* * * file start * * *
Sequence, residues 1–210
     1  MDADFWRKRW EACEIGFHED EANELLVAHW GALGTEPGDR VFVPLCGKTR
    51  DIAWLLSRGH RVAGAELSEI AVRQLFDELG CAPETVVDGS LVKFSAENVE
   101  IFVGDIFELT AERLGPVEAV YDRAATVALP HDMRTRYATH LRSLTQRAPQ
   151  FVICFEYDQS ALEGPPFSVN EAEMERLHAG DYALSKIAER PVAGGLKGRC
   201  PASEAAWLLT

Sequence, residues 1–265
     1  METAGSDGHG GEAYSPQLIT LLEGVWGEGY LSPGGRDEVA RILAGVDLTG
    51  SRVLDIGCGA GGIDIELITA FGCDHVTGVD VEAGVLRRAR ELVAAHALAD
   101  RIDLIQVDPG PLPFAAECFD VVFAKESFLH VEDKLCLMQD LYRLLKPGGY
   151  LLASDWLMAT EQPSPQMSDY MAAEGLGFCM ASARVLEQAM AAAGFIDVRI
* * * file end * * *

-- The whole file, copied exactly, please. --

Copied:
Sequence, residues 1–210
     1  MDADFWRKRW EACEIGFHED EANELLVAHW GALGTEPGDR VFVPLCGKTR
    51  DIAWLLSRGH RVAGAELSEI AVRQLFDELG CAPETVVDGS LVKFSAENVE
   101  IFVGDIFELT AERLGPVEAV YDRAATVALP HDMRTRYATH LRSLTQRAPQ
   151  FVICFEYDQS ALEGPPFSVN EAEMERLHAG DYALSKIAER PVAGGLKGRC
   201  PASEAAWLLT

Sequence, residues 1–265
     1  METAGSDGHG GEAYSPQLIT LLEGVWGEGY LSPGGRDEVA RILAGVDLTG
    51  SRVLDIGCGA GGIDIELITA FGCDHVTGVD VEAGVLRRAR ELVAAHALAD
   101  RIDLIQVDPG PLPFAAECFD VVFAKESFLH VEDKLCLMQD LYRLLKPGGY
   151  LLASDWLMAT EQPSPQMSDY MAAEGLGFCM ASARVLEQAM AAAGFIDVRI